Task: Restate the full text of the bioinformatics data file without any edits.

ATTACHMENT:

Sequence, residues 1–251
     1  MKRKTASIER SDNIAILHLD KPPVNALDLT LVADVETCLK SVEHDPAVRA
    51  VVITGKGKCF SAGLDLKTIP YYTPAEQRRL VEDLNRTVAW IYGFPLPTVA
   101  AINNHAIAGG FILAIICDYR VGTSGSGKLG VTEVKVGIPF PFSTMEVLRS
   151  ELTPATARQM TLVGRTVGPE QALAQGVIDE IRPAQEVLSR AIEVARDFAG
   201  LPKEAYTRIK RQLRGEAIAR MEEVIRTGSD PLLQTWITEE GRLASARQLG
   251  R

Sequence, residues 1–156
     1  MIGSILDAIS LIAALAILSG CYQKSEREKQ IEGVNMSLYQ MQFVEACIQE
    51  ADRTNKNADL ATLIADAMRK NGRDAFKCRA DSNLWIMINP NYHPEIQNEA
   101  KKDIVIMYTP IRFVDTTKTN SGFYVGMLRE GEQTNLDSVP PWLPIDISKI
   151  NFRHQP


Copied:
Sequence, residues 1–251
     1  MKRKTASIER SDNIAILHLD KPPVNALDLT LVADVETCLK SVEHDPAVRA
    51  VVITGKGKCF SAGLDLKTIP YYTPAEQRRL VEDLNRTVAW IYGFPLPTVA
   101  AINNHAIAGG FILAIICDYR VGTSGSGKLG VTEVKVGIPF PFSTMEVLRS
   151  ELTPATARQM TLVGRTVGPE QALAQGVIDE IRPAQEVLSR AIEVARDFAG
   201  LPKEAYTRIK RQLRGEAIAR MEEVIRTGSD PLLQTWITEE GRLASARQLG
   251  R

Sequence, residues 1–156
     1  MIGSILDAIS LIAALAILSG CYQKSEREKQ IEGVNMSLYQ MQFVEACIQE
    51  ADRTNKNADL ATLIADAMRK NGRDAFKCRA DSNLWIMINP NYHPEIQNEA
   101  KKDIVIMYTP IRFVDTTKTN SGFYVGMLRE GEQTNLDSVP PWLPIDISKI
   151  NFRHQP